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Teacher Workload: 1 in 4 Teachers Working 60 Hours Every Week

Teacher Workload: 1 in 4 Teachers Working 60 Hours Every Week

teacher workload

We’re passionate about reducing teacher workload. In fact, its the entire reason Mark Mate was created. Despite our best efforts, however, work-load is still at a huge high. Although, this now doesn’t appear to be one of the reasons for the retention crisis. Read on to find out why workload isn’t a cause of the crisis, and what the new study reveals!

Teacher wellbeing is a massive issue. Healthier teachers lead to a better time for teachers and students alike, but with so much work piling up, achieving a perfect work/life balance seems impossible. Well, it’s not! Mark Mate’s goal is to help you find that perfect balance between work and life!

According to a new study from Nuffield Foundation and UCL Institute of Education, a quarter of teachers are working 60 hours per week. Interestingly, it has also revealed that working hours are largely unchanged over the last 20 years, meaning that this isn’t necessarily a cause of the retention crisis.

Teacher Workload Figures

The report, which was published last week, revealed that teachers work an average of 47 hours a week in term time, eight hours more than teachers in comparable OECD countries. It went on to show that one in four teachers work more than 59 hours a week. While 10 per cent work more than 65 hours per week. Around 40 per cent said they usually work in the evening, and 10 per cent during the weekend. It also showed that these hours – although “high” – had been broadly the same for the last two decades and were “unlikely” to explain declining teacher retention.

teacher workload

The report stated:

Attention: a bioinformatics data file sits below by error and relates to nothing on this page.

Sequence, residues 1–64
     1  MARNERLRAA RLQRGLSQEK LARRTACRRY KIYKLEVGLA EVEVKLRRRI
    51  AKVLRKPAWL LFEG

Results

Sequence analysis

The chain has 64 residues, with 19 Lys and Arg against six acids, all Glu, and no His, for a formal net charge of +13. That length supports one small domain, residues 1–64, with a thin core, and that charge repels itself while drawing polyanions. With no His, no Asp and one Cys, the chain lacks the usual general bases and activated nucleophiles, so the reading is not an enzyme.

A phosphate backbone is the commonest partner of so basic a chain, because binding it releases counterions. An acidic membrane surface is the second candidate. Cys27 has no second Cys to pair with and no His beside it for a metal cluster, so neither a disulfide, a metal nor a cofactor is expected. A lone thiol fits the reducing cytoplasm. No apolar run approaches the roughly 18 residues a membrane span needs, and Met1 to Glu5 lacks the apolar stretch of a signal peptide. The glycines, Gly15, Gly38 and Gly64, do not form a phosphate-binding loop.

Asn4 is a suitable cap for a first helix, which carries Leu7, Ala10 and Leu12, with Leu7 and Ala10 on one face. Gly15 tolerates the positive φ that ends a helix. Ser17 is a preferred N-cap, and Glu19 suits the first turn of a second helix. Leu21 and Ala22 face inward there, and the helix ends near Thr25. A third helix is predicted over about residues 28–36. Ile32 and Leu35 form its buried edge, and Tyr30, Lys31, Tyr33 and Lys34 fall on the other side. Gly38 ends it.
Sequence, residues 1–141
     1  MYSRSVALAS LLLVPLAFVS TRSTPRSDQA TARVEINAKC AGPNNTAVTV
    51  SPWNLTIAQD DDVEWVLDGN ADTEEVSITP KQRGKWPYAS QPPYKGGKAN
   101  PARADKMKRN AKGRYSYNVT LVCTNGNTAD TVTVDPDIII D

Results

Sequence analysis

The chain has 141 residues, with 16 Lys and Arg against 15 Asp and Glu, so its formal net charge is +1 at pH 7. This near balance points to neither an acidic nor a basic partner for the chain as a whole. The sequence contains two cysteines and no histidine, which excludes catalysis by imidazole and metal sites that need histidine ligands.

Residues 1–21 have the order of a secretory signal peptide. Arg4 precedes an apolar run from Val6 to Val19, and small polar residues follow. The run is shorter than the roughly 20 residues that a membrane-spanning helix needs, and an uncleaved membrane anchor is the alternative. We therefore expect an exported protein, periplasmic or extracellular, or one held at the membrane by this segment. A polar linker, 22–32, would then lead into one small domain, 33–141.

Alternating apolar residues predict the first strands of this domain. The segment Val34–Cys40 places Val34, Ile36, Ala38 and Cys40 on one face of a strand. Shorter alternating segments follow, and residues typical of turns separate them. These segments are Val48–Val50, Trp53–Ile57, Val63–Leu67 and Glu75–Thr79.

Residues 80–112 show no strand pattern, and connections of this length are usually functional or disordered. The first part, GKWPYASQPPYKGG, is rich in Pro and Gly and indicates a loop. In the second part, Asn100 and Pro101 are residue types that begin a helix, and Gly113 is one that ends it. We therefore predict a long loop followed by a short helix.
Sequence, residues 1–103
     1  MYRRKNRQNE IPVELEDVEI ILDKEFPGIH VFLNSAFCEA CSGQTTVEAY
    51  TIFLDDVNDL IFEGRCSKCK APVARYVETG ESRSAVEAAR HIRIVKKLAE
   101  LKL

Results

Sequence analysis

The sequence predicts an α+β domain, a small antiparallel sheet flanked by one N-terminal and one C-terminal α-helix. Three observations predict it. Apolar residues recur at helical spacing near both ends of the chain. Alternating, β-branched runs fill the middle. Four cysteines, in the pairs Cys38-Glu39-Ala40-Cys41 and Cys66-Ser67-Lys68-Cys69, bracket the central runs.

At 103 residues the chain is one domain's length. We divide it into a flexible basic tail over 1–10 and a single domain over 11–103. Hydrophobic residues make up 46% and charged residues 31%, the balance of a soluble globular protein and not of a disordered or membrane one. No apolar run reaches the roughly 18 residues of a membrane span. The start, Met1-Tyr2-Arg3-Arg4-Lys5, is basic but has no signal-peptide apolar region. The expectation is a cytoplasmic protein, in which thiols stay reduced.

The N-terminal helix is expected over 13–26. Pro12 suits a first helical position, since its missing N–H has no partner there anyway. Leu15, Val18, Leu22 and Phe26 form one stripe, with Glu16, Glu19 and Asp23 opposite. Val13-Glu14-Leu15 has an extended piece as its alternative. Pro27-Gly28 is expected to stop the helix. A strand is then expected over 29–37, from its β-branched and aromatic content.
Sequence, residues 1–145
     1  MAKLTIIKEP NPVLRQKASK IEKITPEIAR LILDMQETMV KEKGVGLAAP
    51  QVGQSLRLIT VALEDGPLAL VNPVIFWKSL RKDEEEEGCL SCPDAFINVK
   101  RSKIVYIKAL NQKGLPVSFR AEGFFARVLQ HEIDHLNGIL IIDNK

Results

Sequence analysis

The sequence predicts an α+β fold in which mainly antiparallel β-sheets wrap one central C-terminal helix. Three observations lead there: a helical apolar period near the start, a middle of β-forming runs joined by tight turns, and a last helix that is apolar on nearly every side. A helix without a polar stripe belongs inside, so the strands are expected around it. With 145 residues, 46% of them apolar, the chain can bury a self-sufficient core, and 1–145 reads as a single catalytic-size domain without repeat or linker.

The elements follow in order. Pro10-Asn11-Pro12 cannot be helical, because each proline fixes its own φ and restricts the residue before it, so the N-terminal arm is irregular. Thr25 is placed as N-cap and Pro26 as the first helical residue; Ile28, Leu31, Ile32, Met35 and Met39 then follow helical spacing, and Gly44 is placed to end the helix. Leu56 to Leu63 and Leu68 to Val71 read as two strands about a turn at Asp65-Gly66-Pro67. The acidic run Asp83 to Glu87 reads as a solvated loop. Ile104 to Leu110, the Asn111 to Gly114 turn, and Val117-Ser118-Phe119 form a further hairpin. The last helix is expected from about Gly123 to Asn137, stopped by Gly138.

We do not find evidence that average working hours have increased. Indeed, we find no notable change in total hours over the last 20 years. No notable change in the incidence of work during evenings and weekends over a 15 year period. No notable change in time spent on specific tasks over the last five years.

How Do We Move Forward?

The report went on to warn that “five years of policy initiatives” aimed at reducing hours have “proven insufficient”. Bringing working hours down will “require additional, more radical action on the part of policymakers”.

The joint general secretary of the National Education Union, Kevin Courtney, said 60-hour working weeks are “completely unacceptable”. He also said “successive education secretaries are failing to solve the problem”. He continued to blame the DfE and Ofsted for the “culture of excessive accountability” that has driven up work-load.

The report did put forward some recommendations on improving the retention crisis. It suggested increasing pay, improving leadership and better working conditions would all aid retention figures.

As far as the split between primary and secondary goes, the report found that over the last 25 years secondary teachers have worked between 46 and 48 hours per week, with the highest level recorded at 49 hours in 2001. Primary school teachers had incredibly similar numbers – an average of between 47 and 49 hours per week in the same period, reaching its highest point of 50 hours in 2002. Interestingly, the study revealed that full-time secondary teachers spend almost as much time on management, administration, marking and lesson planning each week (20.1 hours) as they do on actually teaching pupils (20.5 hours).

What Are Experts Saying?

A spokesperson for the DfE spoke about their efforts to reduce workload due to unnecessary tasks:

We will continue our work within the sector to drive down these burdensome tasks outside the classroom so that teachers are free to do what they do best – teach.

Geoff Barton, general secretary of the ASCL didn’t sound as positive when he spoke about the new report:

Various initiatives have been launched to reduce workload in recent years but schools have been swamped by changes to qualifications and testing, relentless pressure on performance and results, and funding cuts which have led to reductions in staffing and larger class sizes.

What do you think? Do working hours have an impact on your wellbeing? Do you agree that teacher workload isn’t one of the causes of the recruitment and retention crisis? We’d love to hear your thoughts!

While you’re here, why not take a look at some of our other Wellbeing articles? Or subscribe to our Wellbeing newsletter using the form below!

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positive review Excellent product. Very useful and easy to use.

Ricky Boxall Avatar
Ricky Boxall
7/30/2019

 

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